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January 25, 2022

Belarusian Railway experiences cyber breach

The state-owned railway firm temporarily shut down its web services and online sales of tickets.

State-owned Belarusian Railway has experienced a breach in its computer systems, disrupting the online sale of tickets.

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The company stated that it had temporarily shut down its web services and online ticket sales owing to ‘technical reasons’.

Authorities did not comment on details of the cyber breach.

Belarusian Cyber-Partisans, a Belarusian opposition hacker group, has claimed responsibility for the attack on the national railway.

In a tweet, the hacker group claimed that they had broken into some of the state railway firm’s computer systems, including servers, databases and workstations.

The cyberattack is a part of the activist group’s efforts to disrupt the movement of Russian troops into the country.

Yuliana Shemetovets, who claimed to be a Cyber-Partisans group spokesperson, told Reuters that the cyberattack seemed to have impacted the country’s rail freight.

Although the move was aimed to prevent movement of Russian troops into the country, it was too early to say that the cyberattack had succeeded, Shemetovets said.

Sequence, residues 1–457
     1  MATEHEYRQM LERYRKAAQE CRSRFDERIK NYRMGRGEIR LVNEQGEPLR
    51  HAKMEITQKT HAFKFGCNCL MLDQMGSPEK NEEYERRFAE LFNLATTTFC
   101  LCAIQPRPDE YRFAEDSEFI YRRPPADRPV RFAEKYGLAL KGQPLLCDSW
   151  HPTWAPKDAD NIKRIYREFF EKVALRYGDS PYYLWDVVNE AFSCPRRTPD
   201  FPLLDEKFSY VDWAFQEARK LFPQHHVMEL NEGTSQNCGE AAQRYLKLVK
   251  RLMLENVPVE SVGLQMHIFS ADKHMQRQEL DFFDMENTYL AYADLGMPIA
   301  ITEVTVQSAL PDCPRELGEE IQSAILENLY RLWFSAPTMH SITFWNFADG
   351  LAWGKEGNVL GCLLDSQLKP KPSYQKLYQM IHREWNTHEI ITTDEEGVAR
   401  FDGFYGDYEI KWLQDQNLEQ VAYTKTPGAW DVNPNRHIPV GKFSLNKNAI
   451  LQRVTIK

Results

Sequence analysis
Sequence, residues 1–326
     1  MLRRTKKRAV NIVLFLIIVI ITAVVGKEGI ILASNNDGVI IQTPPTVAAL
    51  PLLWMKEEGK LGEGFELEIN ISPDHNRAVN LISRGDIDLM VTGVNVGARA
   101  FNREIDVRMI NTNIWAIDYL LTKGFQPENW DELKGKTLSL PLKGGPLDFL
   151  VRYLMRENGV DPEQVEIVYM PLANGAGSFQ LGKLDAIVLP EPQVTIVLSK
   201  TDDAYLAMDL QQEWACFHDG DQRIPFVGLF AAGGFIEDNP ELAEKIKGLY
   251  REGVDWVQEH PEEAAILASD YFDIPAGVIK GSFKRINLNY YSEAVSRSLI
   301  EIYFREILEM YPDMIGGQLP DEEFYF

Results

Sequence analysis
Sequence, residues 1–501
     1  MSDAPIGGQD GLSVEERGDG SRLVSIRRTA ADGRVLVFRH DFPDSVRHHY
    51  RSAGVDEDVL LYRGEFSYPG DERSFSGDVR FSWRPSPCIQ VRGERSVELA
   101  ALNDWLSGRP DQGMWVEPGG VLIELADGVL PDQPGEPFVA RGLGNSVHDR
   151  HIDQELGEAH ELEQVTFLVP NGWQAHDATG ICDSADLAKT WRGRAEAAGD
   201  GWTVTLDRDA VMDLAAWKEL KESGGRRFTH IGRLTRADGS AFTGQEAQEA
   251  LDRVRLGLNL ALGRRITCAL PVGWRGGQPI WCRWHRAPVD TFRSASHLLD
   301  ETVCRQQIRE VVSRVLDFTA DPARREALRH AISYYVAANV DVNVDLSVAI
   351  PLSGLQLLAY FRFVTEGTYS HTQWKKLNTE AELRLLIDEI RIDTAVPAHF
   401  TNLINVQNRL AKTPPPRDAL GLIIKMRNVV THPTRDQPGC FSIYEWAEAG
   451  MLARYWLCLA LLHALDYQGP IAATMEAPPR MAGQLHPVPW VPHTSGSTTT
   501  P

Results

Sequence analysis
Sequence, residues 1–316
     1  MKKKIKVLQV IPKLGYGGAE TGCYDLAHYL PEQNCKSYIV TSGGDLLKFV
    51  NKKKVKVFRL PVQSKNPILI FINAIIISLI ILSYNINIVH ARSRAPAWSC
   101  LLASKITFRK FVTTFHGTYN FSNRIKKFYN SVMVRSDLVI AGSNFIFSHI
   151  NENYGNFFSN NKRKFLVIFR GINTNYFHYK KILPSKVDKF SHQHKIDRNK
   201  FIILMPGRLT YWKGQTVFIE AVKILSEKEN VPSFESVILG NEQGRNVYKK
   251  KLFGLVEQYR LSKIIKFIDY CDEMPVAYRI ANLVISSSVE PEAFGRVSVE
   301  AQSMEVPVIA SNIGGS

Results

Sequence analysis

Recent days have seen Russian military hardware and forces moving into Belarus for planned joint military exercises scheduled in February.

The exercises, however, are expected to fuel further tensions between Russia and Ukraine.

Shemetovets was quoted by Associated Press as saying that the cyber breach disrupted schedules of some trains and the hackers were working to fix the problem.

“The intention was not to impact any passengers,” she added.

The hacker group initially broke into the country’s railway network in December.

Although it breached into the signaling and control system, the group decided not to meddle for safety purpose, Shemetovets added.

In February 2021, the railway operators of Belarus and Russia signed a cooperation agreement on rail traffic and the railway infrastructure usage.

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Cyberattacks continue to rise every year and no sector seems to be immune. Hackers target sensitive information such as organizational, client, and financial data, as well as intellectual property (IP) and proprietary functions. As digital transformation becomes a top priority for many organizations, traditional perimeter-based security models are no longer sufficient to address the growing cybersecurity concerns. Against the backdrop, enterprises explore zero trust as it takes a micro-level approach to authenticate and approve access at every point within a network. Reasons to read: The cybersecurity landscape is swiftly changing, and businesses need more awareness to meet the evolving change. The report highlights the current state of play and the future potential of the zero trust approach in cybersecurity to protect critical digital infrastructure of enterprises across sectors such as financial services, healthcare, telecom, and transportation, among others. Read our report and gather insights on the following topics:
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